British Olympic chief Colin Moynihan claims the Treasury must increase funding for sport by the end of the month if there is any chance of Britain achieving the target of coming fourth in the medals table at the 2012 Games in London.
A bid for almost double the current funding for Olympic sports has been submitted to the Treasury and an announcement could be made in Gordon Brown's pre-Budget report on Monday.
Lord Moynihan, chairman of the British Olympic Association (BOA), said his organisation and UK Sport, which distributes funding to elite sport, drew up a plan after speaking to all 26 governing bodies of Olympic sports and as a result of that Culture Secretary Tessa Jowell has put a proposal to the Treasury.
Moynihan told PA Sport: "We need clarity and the funding support for the Olympic programme as soon as possible.
"If it is not announced on Monday then we need it by the end of this month. We cannot afford to go into the new year with uncertainty.
"It is vitally important because governing bodies need to know that the funding will be available for the next six years so they can secure coaches, support staff and identifying the athletes."
Moynihan said the money itself did not have to be available immediately, just the promise of funding, and he stood by his decision to target fourth position in 2012 - Britain came 10th in Athens.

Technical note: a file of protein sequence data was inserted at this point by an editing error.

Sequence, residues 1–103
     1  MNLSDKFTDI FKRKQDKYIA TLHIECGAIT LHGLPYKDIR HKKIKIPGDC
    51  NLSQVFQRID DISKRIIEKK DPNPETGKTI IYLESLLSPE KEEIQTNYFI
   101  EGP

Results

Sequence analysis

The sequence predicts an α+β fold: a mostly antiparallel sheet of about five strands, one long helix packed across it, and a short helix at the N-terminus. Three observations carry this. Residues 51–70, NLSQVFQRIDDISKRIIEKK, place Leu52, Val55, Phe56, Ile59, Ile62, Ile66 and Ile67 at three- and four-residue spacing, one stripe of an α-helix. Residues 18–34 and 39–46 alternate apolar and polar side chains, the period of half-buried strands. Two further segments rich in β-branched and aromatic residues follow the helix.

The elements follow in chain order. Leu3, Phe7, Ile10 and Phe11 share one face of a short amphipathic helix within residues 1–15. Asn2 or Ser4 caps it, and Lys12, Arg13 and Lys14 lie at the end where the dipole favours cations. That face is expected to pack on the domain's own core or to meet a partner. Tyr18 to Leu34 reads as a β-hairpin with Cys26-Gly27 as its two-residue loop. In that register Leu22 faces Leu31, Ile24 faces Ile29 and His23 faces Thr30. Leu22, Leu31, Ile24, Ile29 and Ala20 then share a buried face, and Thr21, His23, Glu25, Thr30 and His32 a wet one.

"Fourth is a realistic target and we said that with the full support of the governing bodies," he added.
"I believe it is attainable but we cannot afford anything to go wrong if we are to meet that target and we cannot afford to lose even six months of preparation."
UK Sport currently spend around £23million a year on supporting elite athletes, and are also taking over responsibility for the £20-£25million spend on developing potential Olympic athletes.
It is understood that the Treasury are being asked for around double those amounts.
Most of the cash would go towards striving for new medallists but some would also be spend in trying to bring sports such as handball up to Olympic qualifying standard.
Meanwhile, Moynihan appears to have completely changed tack with his 'Clearing the Bar strategy'Reuse content